Thu | Feb 2, 2023

‘We Can Do That!’

PALS-led programme making a big difference at Foga Road High School

Published:Monday | March 7, 2022 | 12:05 AMOlivia Brown/Gleaner Writer
Paul Teeple (second right), chief of party for the United States Agency for International Development (USAID) Positive Pathway’s activities in Jamaica, in discussion with, from left: Christopher Rowe, student; Sandra Knight-Edwards, vice principal, Foga
Paul Teeple (second right), chief of party for the United States Agency for International Development (USAID) Positive Pathway’s activities in Jamaica, in discussion with, from left: Christopher Rowe, student; Sandra Knight-Edwards, vice principal, Foga Road High School; Kay-Ann Tulloch of Foga Road High School; Janilee Abrikian, director, PALS Jamaica and Rev Dr Learoy Campbell, programme coordinator, during the launch of PARR (Positive Alternatives to Reduce Risk), a programme at Foga Road High School for 10 students from the ‘We Can Do That!’ programme who will receive instruction in life skills and behaviour change, complemented by support from mentors, in order to equip them to craft a pathway for their lives that will result in increasing their chances for a better future. This programme is funded by USAID Positive Pathways.
Christopher Rowe and Kay-Ann Tulloch of Foga Road High School share their testimonials of the benefits of the ‘We Can Do That’ programme.
Christopher Rowe and Kay-Ann Tulloch of Foga Road High School share their testimonials of the benefits of the ‘We Can Do That’ programme.
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Stakeholders of the Foga Road High School in Clarendon have lauded the recently concluded PALS Jamaica ‘We Can Do That!’ programme at the institution.

The programme is a partnership between PALS and the United States Agency for International Development (USAID). The government of the United States of America has committed a five-year intervention programme targeting volatile and at-risk communities across Jamaica.

The programme targets youth between ages 18 and 24, as well as parents and caregivers. Under the programme, students at Foga Road High School were assigned a mentor over a seven-month period to facilitate their personal and behavioural growth.

Paul Teeple is the chief of party of the USAID Positive Pathways. “The idea is to have people build resilience, have people make more smart and healthy choices and choose better pathways, and we also have programmes that provide pathways towards economic improvement, to stay in school and we recognise that these types of activities that prevent violence, and promote more peaceful communities,“ Teeple told The Gleaner.

POSITIVE BEHAVIOURAL CHANGES

Tamara Parker’s 17-year-old son was a part of the programme at the school. Parker, who cited positive behavioural changes in her son, told The Gleaner that her relationship with her son has also improved. “I’m seeing improvement in his behaviour and in his patience level. He has grown and he’s acting more mature. Before the programme, we didn’t really speak a lot on deeper things, but now we’re getting close. He’s loving on me and playing with me more,” said an enthused Parker.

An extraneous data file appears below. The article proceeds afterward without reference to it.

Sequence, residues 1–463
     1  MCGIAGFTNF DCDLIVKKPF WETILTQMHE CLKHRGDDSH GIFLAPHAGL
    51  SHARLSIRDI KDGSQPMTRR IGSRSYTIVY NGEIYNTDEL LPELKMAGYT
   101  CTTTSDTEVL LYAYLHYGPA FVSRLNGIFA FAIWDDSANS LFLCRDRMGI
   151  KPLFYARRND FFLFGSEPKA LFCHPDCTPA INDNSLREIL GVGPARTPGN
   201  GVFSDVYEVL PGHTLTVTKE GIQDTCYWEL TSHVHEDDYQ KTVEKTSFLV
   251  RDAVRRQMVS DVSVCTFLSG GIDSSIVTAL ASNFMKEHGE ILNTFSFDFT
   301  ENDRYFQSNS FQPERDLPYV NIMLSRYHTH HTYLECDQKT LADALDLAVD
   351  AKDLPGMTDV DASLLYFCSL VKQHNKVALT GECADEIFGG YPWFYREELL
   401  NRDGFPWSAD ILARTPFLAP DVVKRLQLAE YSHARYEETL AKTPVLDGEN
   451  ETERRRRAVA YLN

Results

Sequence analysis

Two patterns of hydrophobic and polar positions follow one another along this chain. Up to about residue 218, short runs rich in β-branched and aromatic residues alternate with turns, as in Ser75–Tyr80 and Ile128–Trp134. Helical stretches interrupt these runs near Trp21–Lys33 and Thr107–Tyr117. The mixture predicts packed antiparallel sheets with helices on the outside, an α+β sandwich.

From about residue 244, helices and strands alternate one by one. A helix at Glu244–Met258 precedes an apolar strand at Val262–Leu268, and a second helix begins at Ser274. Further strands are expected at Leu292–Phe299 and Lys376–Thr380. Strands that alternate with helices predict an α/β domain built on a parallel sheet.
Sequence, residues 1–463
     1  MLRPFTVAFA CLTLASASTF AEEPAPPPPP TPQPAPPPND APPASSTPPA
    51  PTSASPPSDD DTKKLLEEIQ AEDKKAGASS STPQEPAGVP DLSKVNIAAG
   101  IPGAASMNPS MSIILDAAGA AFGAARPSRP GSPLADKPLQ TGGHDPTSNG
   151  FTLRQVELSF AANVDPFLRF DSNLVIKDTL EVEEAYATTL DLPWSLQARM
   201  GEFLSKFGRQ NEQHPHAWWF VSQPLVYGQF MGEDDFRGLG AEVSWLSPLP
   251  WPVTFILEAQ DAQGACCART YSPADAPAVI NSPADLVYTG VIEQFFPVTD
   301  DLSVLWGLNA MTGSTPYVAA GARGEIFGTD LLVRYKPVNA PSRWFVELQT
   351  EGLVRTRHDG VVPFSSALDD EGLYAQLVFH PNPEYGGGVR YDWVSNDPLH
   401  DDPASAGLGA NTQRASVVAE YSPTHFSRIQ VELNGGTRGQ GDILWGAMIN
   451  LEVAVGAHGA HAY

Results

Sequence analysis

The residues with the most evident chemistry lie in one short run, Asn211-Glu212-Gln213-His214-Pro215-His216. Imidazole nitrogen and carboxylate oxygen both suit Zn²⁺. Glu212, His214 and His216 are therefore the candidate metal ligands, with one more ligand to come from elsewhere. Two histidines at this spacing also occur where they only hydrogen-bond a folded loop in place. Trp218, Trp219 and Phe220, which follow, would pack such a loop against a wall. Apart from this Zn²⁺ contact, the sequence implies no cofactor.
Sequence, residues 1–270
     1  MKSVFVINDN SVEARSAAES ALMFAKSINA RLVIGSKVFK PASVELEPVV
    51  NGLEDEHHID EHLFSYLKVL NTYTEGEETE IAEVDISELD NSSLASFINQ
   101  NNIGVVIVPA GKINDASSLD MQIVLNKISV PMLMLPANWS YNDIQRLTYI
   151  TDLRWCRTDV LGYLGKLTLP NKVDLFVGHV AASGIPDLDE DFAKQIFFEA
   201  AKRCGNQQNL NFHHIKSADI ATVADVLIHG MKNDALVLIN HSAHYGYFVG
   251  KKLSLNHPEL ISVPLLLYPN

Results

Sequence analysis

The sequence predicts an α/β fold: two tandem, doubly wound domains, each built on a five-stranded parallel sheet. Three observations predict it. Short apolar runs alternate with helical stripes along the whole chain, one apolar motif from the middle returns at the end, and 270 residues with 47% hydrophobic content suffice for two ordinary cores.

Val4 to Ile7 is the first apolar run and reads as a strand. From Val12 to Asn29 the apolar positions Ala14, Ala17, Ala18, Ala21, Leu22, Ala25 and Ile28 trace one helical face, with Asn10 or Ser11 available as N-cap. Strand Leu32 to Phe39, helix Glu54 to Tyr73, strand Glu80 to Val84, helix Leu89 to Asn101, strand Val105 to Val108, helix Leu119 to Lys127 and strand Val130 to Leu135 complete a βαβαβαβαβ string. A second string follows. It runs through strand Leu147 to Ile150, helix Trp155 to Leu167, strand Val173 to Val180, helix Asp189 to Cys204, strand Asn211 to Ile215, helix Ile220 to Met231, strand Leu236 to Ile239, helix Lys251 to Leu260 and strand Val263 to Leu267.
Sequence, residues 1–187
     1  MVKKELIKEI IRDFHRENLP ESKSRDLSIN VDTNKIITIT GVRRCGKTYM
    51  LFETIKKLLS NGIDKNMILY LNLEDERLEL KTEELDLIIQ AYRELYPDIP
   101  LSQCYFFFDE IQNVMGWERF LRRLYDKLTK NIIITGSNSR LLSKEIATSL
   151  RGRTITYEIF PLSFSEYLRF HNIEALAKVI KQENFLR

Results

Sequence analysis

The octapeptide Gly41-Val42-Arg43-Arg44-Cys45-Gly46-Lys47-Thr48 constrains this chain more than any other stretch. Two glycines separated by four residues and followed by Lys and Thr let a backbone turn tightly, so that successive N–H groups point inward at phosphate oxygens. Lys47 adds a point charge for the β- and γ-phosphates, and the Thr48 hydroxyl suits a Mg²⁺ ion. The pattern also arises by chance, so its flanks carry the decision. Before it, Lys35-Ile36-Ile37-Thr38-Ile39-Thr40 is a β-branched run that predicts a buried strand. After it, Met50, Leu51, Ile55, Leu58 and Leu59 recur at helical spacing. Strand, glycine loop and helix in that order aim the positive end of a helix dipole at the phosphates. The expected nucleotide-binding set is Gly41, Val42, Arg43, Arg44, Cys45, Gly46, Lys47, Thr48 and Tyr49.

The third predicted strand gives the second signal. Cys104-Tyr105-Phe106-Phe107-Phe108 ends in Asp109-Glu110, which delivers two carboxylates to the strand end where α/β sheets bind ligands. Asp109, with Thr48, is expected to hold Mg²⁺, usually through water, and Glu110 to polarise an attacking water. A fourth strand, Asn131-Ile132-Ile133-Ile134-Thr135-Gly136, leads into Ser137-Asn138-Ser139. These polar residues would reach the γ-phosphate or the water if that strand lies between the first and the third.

Referencing mental health, the mother said she would advise other parents to have their children become a part of the programme. “Some of them are struggling on the inside and they don’t speak a lot, so I would encourage parents to get their children involved,” she said.

PROGRAMME BOOSTS ACADEMIC DEVELOPMENT

Sixth-form student, Kayann Tulloch, said the programme also boosted her academic development. “It helps us to deal with anger issues, how to solve problems in our homes and help us do good in our schoolwork,” she said.

Sandra Knight-Edwards, the school’s vice principal, described the programme as one that supports positive behaviour, discipline and encourage responsibility in students. Speaking of the programme’s benefits, she said: “We are able to alleviate some of the challenges associated with maladaptive behaviour among our students, and we expect to have a more positive relationship among our students, parents and teachers.

Knight-Edwards theorised that an extension of the programme will yield even greater benefits at the institution. “We are cognisant of the types of students we have. We are also aware of the background of our students – the socio-economic [and] socio-cultural background from which our students come to us, and that information stakeholders are aware of. Therefore, this positive behavioural intervention programme should continue at Foga Road High School,” Knight-Edwards said.

The school’s dean of discipline, Michael Irving, was tasked with selecting students for the programme. Irving said selected students displayed some level of defiance or disruptive behaviour, but proudly added that he has since seen significant changes in them.

“I can think of one grade-11 student that I would have had several instances where he had been defiant and rebellious and I must comment that in recent engagement with him, I’m seeing quite a different person. There are others in whom I have seen a slow progress towards change, and I would think that it extends towards home and elsewhere,” said Irving. He disclosed that the school will be engaging the students in other social programmes to endorse what they have learned under the PALS-led programme.

olivia.brown@gleanerjm.com